Puerto Rico, a United States territory, was struck by Category 4 Hurricane Maria beginning on September 20. Since then, the country has been propelled into a humanitarian crisis. The small chain of islands was hit by 150 mph winds and received 5 inches to over 3 feet in rainfall.
Puerto Rico had already been partially hit by Hurricane Irma on September 7, leaving 1 million without power. 60,000 of those people still had no electricity when Hurricane Maria swept across the main island. Hurricane Maria was the strongest storm to hit Puerto Rico in 80 years and was the fifth-strongest storm to ever hit the United States.
This natural disaster has highlighted how oblivious Americans are to their neighbors in Puerto Rico.
According to the New York Times, a mere 54 percent of Americans know that Puerto Ricans are also US citizens— they have been since 1917 with the induction of the Jones-Shafroth Act.
But did they vote for Trump? “I hate to tell you, Puerto Rico, but you’ve thrown our budget a little out of whack,” Trump told Puerto Rican officials at the Luis Muñiz Air National Guard Base in Carolina, Puerto Rico.
Not every president has had the most stellar response to natural disasters. There is no handbook on uncontrollable acts of nature conversation etiquette. However, most would expect more out of a president. And they did. Trump’s approval rating on his response to hurricanes went down by 20 points after Hurricane Maria.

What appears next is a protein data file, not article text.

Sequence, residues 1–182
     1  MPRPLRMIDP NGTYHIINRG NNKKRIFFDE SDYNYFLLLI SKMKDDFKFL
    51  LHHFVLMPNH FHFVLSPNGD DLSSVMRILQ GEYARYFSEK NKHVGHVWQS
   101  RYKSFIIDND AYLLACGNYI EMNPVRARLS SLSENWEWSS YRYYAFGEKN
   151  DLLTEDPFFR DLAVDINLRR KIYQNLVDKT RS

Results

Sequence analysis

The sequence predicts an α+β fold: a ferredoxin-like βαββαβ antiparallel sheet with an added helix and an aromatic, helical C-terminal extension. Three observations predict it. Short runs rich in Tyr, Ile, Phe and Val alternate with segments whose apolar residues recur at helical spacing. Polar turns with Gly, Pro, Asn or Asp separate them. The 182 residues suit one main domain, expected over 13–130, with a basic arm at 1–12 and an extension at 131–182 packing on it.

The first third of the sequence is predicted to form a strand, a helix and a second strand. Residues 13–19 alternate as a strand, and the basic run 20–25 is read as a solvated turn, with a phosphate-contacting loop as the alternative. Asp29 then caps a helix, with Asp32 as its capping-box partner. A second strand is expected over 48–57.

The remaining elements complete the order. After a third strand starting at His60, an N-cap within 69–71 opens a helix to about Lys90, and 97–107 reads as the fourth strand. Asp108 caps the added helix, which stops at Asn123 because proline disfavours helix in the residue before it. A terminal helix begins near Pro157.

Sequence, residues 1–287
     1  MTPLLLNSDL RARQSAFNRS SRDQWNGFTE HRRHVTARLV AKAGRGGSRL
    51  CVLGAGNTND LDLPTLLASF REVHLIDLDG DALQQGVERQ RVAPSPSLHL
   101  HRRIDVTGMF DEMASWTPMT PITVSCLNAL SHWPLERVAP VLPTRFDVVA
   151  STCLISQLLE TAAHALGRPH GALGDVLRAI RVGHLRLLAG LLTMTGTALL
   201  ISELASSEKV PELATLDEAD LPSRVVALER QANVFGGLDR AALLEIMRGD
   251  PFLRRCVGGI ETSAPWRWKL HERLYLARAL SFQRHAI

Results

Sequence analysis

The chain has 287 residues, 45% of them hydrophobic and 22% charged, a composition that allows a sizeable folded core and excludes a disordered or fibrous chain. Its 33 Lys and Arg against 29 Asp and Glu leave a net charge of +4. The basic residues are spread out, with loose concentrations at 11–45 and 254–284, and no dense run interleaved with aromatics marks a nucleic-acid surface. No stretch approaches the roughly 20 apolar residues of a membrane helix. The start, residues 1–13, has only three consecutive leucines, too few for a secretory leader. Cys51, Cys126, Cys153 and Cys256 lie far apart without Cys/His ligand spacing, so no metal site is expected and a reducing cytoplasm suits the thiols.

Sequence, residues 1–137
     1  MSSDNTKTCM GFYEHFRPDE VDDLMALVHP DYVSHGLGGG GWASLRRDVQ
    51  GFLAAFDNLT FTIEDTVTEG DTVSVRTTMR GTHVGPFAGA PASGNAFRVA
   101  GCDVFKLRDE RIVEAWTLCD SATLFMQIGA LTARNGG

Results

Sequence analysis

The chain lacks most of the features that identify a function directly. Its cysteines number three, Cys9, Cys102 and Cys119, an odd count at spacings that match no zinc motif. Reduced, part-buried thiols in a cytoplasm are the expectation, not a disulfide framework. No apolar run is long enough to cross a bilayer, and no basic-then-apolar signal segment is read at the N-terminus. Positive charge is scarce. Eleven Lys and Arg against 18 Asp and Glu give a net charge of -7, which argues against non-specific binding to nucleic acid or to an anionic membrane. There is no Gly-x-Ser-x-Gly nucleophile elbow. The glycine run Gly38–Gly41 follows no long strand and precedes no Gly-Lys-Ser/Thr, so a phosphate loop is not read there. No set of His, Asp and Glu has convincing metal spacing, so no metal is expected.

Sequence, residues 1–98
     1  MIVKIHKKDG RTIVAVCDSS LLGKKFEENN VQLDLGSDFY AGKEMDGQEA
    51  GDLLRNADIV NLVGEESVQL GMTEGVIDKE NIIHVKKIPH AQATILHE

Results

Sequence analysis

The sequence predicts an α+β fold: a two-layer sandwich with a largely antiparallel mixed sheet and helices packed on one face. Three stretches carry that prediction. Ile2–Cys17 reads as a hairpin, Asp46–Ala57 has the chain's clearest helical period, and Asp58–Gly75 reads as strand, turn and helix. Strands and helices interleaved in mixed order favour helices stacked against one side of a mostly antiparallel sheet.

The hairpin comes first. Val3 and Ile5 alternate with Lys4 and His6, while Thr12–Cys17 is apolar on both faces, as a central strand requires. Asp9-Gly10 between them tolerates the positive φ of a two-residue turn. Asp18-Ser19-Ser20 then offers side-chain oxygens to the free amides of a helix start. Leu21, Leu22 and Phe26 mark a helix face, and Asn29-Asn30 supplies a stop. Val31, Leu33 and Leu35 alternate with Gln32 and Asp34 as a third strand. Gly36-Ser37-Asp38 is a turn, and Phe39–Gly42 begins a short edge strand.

— NowThis (@nowthisnews) October 9, 2017
More recently, Puerto Ricans, desperate for water, have tapped into wells on the Dorado Groundwater Contamination Superfund site. This is one of the nation’s most toxic sites. Some Puerto Ricans have been using this water for bathing and washing clothes or dishes, while some have been using it for drinking water.
Most of those who take advantage of this water source, despite it likely being contaminated, have no clue what it contains. The answer is tetrachloroethylene and trichloroethylene, two solvents that can increase the risk of cancer as well as liver damage.
Puerto Rico residents are in dire need of food and water. Meanwhile, President Trump is threatening to pull their federal aid. pic.twitter.com/RjBQbUdf28
— AJ+ (@ajplus) October 16, 2017
Trump, again, criticizes Puerto Rico, a country in crisis. He claims he has sent “tremendous amounts of water” to Puerto Rico and faults local distribution for the lack of access Puerto Ricans are experiencing.
Trump on Puerto Rico: "We now actually have military distributing food—something that, really, they shouldn't have to be doing." (via ABC) pic.twitter.com/UUr2qujABr
— Kyle Griffin (@kylegriffin1) October 16, 2017
To be clear, here are the stats on Puerto Rico’s struggle as of 24 hours ago. Something must change, and soon.
Cover image via National Geographic